ACT On Life

Empowering purposeful living


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Fusion with thoughts


When I get fused with my thoughts, I see the world through my thoughts, as though they are (the only)reality. My thinking becomes rigid and inflexible. For example, if I have the thought that the world is a terrible place, and I am fused with that thought, this thought becomes my reality. I am not open to another perspective, and I look for evidence to support my thought. I am biased in the kind of information I am willing to entertain or accept.  For example, I may key in on events in the news that supports my thought that the world is a terrible place. This is called a confirmatory bias. On the other hand, I dismiss, overlook, or minimize information that does not support my thought, like random acts of kindness. This is called an overlooking bias. We can generally see this in others, and yet we tend not to see this in ourselves. This inflexibility and rigidity can be psychologically unhealthy, constrict our world, and interfere with our relationships.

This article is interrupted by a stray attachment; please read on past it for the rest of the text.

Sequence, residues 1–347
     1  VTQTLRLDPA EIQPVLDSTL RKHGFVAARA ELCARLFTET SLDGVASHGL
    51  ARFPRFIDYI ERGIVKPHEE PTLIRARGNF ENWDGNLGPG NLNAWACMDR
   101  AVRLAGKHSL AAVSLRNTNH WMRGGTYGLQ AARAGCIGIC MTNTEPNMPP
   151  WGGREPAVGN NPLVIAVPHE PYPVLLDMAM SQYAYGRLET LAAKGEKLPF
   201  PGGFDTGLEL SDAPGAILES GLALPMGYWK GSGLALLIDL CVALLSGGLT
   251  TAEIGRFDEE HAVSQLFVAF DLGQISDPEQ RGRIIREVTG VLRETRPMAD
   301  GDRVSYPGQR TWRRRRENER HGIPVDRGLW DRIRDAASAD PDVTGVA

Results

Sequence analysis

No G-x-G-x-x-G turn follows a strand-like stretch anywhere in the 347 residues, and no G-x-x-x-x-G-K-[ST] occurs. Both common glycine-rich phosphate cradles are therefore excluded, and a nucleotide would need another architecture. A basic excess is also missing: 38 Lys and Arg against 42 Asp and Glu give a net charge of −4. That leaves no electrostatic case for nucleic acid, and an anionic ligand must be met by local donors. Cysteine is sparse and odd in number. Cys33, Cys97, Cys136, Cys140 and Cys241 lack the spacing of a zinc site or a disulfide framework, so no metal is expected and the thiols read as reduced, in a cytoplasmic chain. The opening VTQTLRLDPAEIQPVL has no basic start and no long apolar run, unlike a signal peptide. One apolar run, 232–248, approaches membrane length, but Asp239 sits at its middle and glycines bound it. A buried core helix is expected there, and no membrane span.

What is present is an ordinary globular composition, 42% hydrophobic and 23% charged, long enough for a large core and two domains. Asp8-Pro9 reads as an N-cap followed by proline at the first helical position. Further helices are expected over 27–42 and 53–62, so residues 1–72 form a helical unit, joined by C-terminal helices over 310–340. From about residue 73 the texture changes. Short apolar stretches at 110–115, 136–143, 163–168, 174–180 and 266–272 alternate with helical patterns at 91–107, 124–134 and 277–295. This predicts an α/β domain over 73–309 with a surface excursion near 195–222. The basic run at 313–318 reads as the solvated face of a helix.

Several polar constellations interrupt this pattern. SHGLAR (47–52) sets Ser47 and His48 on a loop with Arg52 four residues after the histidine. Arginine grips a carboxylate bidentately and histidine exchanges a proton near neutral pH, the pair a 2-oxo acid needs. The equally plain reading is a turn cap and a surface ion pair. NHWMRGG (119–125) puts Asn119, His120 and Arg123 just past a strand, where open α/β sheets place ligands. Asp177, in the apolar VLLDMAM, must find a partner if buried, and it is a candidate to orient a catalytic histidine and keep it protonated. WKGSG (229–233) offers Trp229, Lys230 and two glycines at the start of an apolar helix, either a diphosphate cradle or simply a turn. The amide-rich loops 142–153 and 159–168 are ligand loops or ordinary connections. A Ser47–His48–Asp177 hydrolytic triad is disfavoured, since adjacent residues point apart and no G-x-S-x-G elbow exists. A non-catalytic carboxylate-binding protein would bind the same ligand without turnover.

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Nature of thoughts


I would like to begin my blog with an introduction to the nature of thoughts. When you think about it, thoughts are a mental collection of words, which are formed by letters which represent certain sounds. So, we might say that words are a collection of sounds to which someone assigned a meaning. The words themselves are not the the thing, the meaning, assigned to the words. Language is a wonderful and useful tool that we use for communication, and yet it can work against us as well. We are so steeped in language and the meanings that we ascribe to words, or the collection of sounds represented by that group of letters, that we tend to see the words as one and the same as the meaning we have assigned to them.

So, why is this important? I invite your comments and will address this question in my next blog.